Ratastic “Eradication Edition” Week of May 14th, 2018
This week is the week for rat eradication in two great oceans in the world! South Georgia Island, near Antarctica, which we reported on two weeks ago was undergoing a massive rat eradication program, is now rat free! Kayangel Atoll in Palau is also rat free, which will save a most endangered cool bird, a freewheeling rat goes for a ride in the car—but not where you think, and the rats of Los Angeles might save us all! Read on, friend, we’re happy to see you! This edition focuses primarily on stories of successful eradication and how eradication of rats benefits bird species, which is good for the ecosystem the birds live in. Ironically, rats may save us from our own eradication.
South Georgia Island near Antarctica now rat free!
South Georgia Island is a forbidding place. The great British explorer Shackleton and his men found it difficult to survive there, but it seems the rats brought into the island did not. They were so numerous it took the ten years, the help of rat detection dogs Will and Ahu, rat poison, several airplanes and helicopters to go over each section to set bait, and hundreds of other smaller devices to attract the rats to their untimely demise. NPR reports that the island is now rodent free. That’s good news for the native birds of South Georgia Island, which do not nest in trees but in burrows and holes in the ground, who were facing extinction from the voracious rats; birds like the pipit, who was the species hardest hit by the rats. The US based Friends of South Georgia Island did most of the fundraising for the project with the eradication carried out by international cooperation under the South Georgia Heritage Trust. If you want to know more about how they did it, check out our newsflash from April 2!
Kayangel Atoll in Pacific Palau also rat free, saving the Micronesian Scrub fowl, or “Incubator Bird,” along with other native species of bird and animals
BirdLife.org reportsthat the Micronesian Scrub fowl is an amazing bird
who has ingenious ways of keeping its eggs warm from burying them in hot sand, to burrowing into volcanic cinder fields and using geothermal heat underground to ensure the survival of its young. They compost the eggs with rotting vegetation which also generates heat; and the bird knows if the nest gets too hot, and thus, regulates the compost adding more if the nest is too cool, or taking some out if it gets too hot. They emerge from the egg fully feathered adults as well! This “incubator bird,” however, was under threat from generations of rats who literally fled a sinking ship off its shores in the 1980s. Kayangel’s 60 human residents felt the impact of the rats immediately when the rats destroyed their sweet potato, corn and banana crops, thus threatening human survival. The Palau Conservation Society got rid of the rats in an intensive, grueling 2 month eradication effort March and April of this year, laying poison bait across 28 miles of trails. The population of the atoll helped by removing alternative food sources, thus forcing the rats to take the bait. The effort also saved the Palau Flying Fox, the Hawksbill Turtle and the Green Sea Turtle, whose eggs were being eaten by the rats.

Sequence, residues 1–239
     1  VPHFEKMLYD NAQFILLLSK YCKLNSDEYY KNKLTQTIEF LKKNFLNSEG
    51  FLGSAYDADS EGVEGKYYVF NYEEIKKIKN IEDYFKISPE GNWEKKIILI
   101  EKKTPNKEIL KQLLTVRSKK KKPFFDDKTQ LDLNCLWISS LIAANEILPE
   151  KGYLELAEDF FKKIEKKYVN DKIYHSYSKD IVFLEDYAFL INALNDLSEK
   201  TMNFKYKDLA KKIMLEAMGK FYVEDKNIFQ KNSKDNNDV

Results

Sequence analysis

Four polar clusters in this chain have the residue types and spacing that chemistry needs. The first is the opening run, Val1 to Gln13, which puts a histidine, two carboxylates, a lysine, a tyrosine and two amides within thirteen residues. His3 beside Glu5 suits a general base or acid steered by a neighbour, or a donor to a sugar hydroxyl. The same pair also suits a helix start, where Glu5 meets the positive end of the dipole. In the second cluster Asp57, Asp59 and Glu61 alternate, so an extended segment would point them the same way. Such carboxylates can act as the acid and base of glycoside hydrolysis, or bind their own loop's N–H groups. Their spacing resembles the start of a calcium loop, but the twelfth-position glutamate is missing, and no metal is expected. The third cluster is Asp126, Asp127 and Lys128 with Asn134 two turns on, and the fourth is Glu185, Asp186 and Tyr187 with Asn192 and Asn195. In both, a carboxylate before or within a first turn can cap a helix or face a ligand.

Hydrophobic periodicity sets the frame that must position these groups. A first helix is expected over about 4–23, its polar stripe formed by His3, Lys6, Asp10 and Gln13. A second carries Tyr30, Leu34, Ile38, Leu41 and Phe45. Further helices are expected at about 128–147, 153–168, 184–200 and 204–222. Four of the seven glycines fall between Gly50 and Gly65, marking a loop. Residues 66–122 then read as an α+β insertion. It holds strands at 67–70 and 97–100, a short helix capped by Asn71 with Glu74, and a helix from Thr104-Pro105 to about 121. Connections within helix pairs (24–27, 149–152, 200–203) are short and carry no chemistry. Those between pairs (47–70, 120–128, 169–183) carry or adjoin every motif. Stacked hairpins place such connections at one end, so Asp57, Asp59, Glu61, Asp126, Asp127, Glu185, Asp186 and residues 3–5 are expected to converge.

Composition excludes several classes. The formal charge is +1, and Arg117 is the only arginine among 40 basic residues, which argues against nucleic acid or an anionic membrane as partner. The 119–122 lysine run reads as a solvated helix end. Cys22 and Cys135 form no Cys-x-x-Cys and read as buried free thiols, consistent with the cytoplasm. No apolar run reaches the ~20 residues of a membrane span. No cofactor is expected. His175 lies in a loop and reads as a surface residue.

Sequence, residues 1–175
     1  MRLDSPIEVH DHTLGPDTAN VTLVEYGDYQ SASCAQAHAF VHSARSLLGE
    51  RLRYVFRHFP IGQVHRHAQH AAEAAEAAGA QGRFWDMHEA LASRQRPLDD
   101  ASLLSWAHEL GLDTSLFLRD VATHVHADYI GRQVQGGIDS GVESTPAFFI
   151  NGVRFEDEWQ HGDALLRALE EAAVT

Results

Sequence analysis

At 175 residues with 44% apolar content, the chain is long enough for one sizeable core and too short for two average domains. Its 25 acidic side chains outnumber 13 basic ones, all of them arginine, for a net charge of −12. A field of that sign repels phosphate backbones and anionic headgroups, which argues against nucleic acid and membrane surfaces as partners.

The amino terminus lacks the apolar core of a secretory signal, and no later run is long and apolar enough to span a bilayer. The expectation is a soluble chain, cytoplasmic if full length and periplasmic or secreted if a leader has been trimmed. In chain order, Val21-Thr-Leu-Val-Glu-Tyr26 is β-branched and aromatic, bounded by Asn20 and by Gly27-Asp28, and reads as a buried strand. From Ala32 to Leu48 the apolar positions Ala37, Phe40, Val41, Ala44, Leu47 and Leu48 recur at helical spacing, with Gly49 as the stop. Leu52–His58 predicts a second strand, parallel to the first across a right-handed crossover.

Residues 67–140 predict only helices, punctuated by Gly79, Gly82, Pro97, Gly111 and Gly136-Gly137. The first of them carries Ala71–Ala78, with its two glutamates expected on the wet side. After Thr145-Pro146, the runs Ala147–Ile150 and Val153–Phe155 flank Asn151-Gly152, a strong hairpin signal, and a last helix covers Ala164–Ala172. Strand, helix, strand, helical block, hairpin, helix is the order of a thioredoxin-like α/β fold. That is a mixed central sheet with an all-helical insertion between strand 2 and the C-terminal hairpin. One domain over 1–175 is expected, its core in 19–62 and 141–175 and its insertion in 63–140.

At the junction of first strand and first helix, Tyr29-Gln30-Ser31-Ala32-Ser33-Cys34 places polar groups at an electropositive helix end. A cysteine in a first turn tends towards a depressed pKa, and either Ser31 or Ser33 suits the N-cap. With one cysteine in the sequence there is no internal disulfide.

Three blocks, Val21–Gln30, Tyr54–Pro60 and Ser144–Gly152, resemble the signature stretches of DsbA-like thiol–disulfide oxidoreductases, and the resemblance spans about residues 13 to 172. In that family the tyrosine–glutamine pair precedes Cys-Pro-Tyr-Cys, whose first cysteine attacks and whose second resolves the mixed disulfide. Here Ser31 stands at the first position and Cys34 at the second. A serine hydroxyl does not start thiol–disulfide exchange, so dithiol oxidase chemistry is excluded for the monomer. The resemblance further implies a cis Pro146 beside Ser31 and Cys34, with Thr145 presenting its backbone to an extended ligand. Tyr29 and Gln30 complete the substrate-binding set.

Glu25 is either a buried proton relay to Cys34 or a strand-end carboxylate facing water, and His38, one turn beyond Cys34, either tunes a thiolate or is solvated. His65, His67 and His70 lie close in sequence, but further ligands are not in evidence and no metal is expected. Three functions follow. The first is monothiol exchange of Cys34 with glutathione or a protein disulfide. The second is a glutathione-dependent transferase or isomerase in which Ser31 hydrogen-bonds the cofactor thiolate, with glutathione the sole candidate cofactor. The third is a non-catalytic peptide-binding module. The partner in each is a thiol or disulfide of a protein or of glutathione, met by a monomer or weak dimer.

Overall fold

Freewheelin’ rat goes for ride in the car, and explores the hood of the car while the driver freaks!
UPI reports that ViralHog’s videoof a rat who went for a ride in the car—inside the engine block, emerged while the car was being driven and crawled on top of the hood freaking out the driver. It then made its way back under the hood to inside the engine compartment. The driver was on their way to work at the time the rat decided to “hang out” on the hood, and the other occupants of the car can be heard reacting in the video!
Rats showing up with brain cancer from Los Angeles’s air pollution
Rats in the Los Angeles Basin area are showing early signs of brain cancer, and developing cancer related genes from particulates in the air pollution in the area. This knowledge may save human beings from a similar fate. ScienceDaily reports:
“While previous research has documented the association between air pollution and a variety of diseases, including cancer, the study found markers indicating certain materials in coarse air pollution — nickel, in particular — may play a role in genetic changes related to disease development, said Julia Ljubimova, MD, PhD.”
Ljubimova is the lead researcher and director of the Nanomedicine Research Center at Cedars-Sinai.
People have been exposed to the air pollution for decades, and inhale the particulates two ways—through the lungs, and the nose, where the particulates are absorbed more directly into the brain.
The article further notes “Ljubimova noted that while the study’s findings may be unique to the composition of air pollution in the Los Angeles Basin, “There are many examples of potentially damaging effects of air pollution exposures in major cities. Our modern society is becoming increasingly urbanized and exposed to air pollution. This trend underscores the need for additional research on the biology of air-pollution-induced organ damage, along with a concerted effort aimed at reducing ambient air pollution levels.”
We are here to help, reach out to us to help your local government health and or department responsible for combatting the war on rat infestation, we are delighted to engage, work in concert with their local pest control community, providing them with The Fenn industrialized strength traps as part of arsenal, perfect alignment for results when application warrants. Consider pointing them in our direction at the PestWorld 2018 meeting on Orlando 23rd– 26thin October, Booth # 733
Tags: Environmental impact, Fenn, Micronesian scrub fowl, Nanomedicine Research Center, Pest Control, Public Health, Rat infestation, South Georgia Island